Visas arrived in with no problems and it's time to leave Nanning. Manage a night out and once again enter the stylish clubs in our bum attire and have all our drinks paid for us by fashionable locals who want a westerner to sit at their table.
We leave Nanning for Vietnam and have an uneventful few days of cycling, camping, binguans and fried noodles that we've gotten used to on the road in China. Eventually we arrive at the border and prepare for the crossing. It was laughable, the x-ray scanners were switched off in China and we suggested to the Vietnamese that it was too much hassle for us to unpack our bikes so they just waived us through and we were in Vietnam!
I Try to get my head around the insane Vietnamese Dong currency and realise I'm a billionaire - finally! I take out 5,000,000 about $240 US dollars. The scenery still looks a bit like China with it's ugly concrete sprawl towns, but the writing is in roman characters so feels slightly less alien.
Our first night and we're welcomed into a rural family farm, who keep chickens and make firebricks, and camp in their yard. They offer us tasty local food and are extremely hospital.
We continue on and eventually we reach the sea and cycle along the mangrove and karst coast. We meet a German couple on bicycles and go with them to the port to catch a ferry to an Island they're going to. I finally spy beach and the weather clears. It's beautiful, reminds me of the islands around Kho Phi Phi in Thailand but far less touristy.
We catch a ferry to 'Island' I never really know where were going. After China we're all looking forward to some beach action and a chance to unwind after all the cycling. We arrive in Qan Lan, stay a night in the small town and head off the next day to find a beach. We chance upon the most amazing guesthouse on the northern tip of the Island. Named 'Robinson' with only a dirt track leading to the family house, 3 km of beach on either side and absolutely no one around. We have a room, hammocks, no electricity and nothing else to do except chill. The local village has supplies; beer and food so we settle in and cook our own meals, read books, lay in the sun and swim in the warm ocean on our own private beach. A few other guests arrive and we make some new friends and pretty soon a week goes by and I realise I need to get to Hanoi and start heading back to China on my way to Taiwan. A sobering though as it's maybe 3000km away and I have two weeks to get there. On my bike.
The final night with the Swiss rolls (unless we meet in Hanoi) and the girls surprise me with a huge beach fire, a bottle of local fruit wine and a some gifts. The sad part of travelling and making new friends is that you have to say goodbye and not know if or when you will see each other again.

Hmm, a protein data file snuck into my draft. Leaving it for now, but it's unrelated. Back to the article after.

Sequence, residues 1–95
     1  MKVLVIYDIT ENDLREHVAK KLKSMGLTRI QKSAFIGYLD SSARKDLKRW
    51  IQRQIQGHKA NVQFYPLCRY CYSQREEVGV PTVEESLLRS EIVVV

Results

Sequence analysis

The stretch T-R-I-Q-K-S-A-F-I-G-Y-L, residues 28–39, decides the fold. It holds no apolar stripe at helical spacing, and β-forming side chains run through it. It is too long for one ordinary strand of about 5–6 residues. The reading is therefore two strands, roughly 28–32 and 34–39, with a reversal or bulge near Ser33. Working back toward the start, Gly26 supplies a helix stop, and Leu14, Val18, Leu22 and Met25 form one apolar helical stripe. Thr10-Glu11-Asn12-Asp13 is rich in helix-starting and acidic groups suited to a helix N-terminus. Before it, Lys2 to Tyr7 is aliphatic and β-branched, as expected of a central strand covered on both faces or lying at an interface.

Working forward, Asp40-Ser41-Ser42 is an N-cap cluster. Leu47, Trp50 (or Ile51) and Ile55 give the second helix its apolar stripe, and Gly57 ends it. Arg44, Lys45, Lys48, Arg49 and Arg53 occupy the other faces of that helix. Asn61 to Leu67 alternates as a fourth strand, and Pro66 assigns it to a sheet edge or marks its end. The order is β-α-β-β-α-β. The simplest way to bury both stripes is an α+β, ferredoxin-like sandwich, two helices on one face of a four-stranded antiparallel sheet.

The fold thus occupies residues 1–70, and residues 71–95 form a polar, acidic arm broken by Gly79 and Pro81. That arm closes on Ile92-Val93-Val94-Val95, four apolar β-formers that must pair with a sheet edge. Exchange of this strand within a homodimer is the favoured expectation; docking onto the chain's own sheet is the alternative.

I head off early in the morning to catch my ferry, running late as usual and getting chased by dogs but finally make it and board. The morning sunrise is spectacular and I feel a sense of new adventure ahead. I cycle the 200 or so kilometres in 2 days and arrive in Hanoi. Nine million people live here and they must all own a moped, driving in every possible direction. It's total chaos, by far the most daunting cycling experience yet.
I make it to a hostel in the old quarter of the city and find myself in backpacker heaven, or hell depending on how you look at it. The atmosphere is one of a great big party. It's a bit like the opening scene from 'The Beach'. I much prefer my way of travelling, but it's also a nice change.
Of course I immediately get involved and end up agreeing to go on a boat trip in Halong Bay, where I had just come from, with four crazy girls (yes that's you Lotte, Sil, Agata and Laura). It is beautiful but packed with people and a perfect example of how to ruin somewhere with tourism. We stay on a large boat, get fed, go kayaking and swimming then get very, very drunk.
Back to Hanoi the next day and I meet up with an American guy, Corey, who I met on Quan Lan and get taken out to drink Bia Hoi, fresh local beer that costs about 15p a pint. The old quarter of Hanoi is a confusing maze of old building and shops and has a brilliant vibe about it though crossing the road comes with a very high risk of getting run over.
By chance I find two girls on bikes as I walk to the train station to investigate tickets back to China, it's the Swiss Rolls! They come back with me and check in the hostel and I play guide but ultimately end up getting lost most of the time.
I spend a few more days in Hanoi just looking around and enjoying the amazing Vietnamese food, planning my route to Taiwan and having a second chance of sad goodbyes.
I get ticket to Guanzhou, which is half way between Hanoi and Fouzhou where I will catch the ferry to Taiwan. The buses are comfortable, the border crossing back into China surprisingly easy and I even get my bike on without trauma or bribery.
I'm now back in China and have 1000km to cycle and 15 days to do it, and on my own this time….